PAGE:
And so you march upwards through the castle. You encounter a shop, as you do after every stage, where you can use accumulated points to purchase stoppers and stronger flippers, or even try to steal something if you like (Hint: this almost never works). In the next stage, you fight a witch, and… well, before emulators, that’s as far as I ever got. She is the first boss who can sap your strength, and if a boss does that enough, your ball is sent back to the previous stage immediately. She can also heal herself at any time until you break her machine. This is frustrating enough, but later bosses are a great deal more aggressive, and I can’t imagine that the average player wouldn’t lose quite often given how video game pinball can be such a game of random chance.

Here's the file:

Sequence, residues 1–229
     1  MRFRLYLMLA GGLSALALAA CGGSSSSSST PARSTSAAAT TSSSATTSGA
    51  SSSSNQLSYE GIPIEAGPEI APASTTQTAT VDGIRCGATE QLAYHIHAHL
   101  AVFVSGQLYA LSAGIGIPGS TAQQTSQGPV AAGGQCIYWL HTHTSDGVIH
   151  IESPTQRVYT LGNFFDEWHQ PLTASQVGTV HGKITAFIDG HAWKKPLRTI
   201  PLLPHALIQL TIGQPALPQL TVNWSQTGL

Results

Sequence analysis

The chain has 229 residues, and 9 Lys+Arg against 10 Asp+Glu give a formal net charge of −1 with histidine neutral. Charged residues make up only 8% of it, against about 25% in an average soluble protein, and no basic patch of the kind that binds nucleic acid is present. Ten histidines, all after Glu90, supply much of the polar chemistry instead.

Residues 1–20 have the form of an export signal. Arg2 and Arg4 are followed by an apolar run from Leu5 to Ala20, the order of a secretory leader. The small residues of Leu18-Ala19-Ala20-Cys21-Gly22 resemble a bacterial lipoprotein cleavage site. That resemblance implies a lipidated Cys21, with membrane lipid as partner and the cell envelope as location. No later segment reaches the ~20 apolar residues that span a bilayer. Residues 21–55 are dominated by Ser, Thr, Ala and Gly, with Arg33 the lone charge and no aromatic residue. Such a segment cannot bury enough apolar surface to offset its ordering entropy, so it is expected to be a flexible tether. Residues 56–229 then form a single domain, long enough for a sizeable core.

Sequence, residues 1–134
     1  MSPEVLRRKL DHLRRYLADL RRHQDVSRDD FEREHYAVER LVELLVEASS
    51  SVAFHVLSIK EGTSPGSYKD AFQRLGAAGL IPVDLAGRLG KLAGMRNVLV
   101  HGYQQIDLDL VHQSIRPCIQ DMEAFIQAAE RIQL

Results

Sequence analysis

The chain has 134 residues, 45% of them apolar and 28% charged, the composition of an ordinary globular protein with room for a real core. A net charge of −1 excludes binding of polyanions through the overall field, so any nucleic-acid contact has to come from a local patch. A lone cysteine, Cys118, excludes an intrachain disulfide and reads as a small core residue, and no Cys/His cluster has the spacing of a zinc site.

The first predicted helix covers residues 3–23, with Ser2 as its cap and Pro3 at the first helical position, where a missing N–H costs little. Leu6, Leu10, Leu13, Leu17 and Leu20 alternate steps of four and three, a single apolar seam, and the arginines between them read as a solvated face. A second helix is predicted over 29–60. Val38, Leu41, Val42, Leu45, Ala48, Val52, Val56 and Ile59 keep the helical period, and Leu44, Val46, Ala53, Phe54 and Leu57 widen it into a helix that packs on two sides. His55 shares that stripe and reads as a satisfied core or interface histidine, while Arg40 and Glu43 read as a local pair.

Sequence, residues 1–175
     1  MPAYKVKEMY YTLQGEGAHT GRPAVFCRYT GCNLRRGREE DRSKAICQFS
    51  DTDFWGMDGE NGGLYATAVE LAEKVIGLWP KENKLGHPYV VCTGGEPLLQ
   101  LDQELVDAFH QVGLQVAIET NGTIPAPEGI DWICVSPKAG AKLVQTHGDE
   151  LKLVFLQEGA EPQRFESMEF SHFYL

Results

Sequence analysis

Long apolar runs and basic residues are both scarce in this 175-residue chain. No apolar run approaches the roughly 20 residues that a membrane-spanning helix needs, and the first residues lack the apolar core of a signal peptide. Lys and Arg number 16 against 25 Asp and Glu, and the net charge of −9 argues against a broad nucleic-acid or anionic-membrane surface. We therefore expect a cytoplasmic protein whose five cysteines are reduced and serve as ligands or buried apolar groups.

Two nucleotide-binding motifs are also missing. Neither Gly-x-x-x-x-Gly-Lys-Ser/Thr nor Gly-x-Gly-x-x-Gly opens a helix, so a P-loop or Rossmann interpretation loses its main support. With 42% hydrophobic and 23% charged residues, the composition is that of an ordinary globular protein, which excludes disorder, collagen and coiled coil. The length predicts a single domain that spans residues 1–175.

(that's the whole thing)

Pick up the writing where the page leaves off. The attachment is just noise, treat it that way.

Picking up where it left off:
Savestates got me through the rest of the game. It’s actually pretty short; there are only six tables in all, and the only real goal in any of them is to reach the boss and defeat it. The most noteworthy thing I can think of is that when at last you defeat the final boss, you drop through a hole and find an enormous, evil magnet, which is destroyed in a dramatic cutscene. This event is not given context by the rest of the game, but I guess a magnet would naturally be a pinball’s ultimate foe. So, yeah! Good going, noble pinball.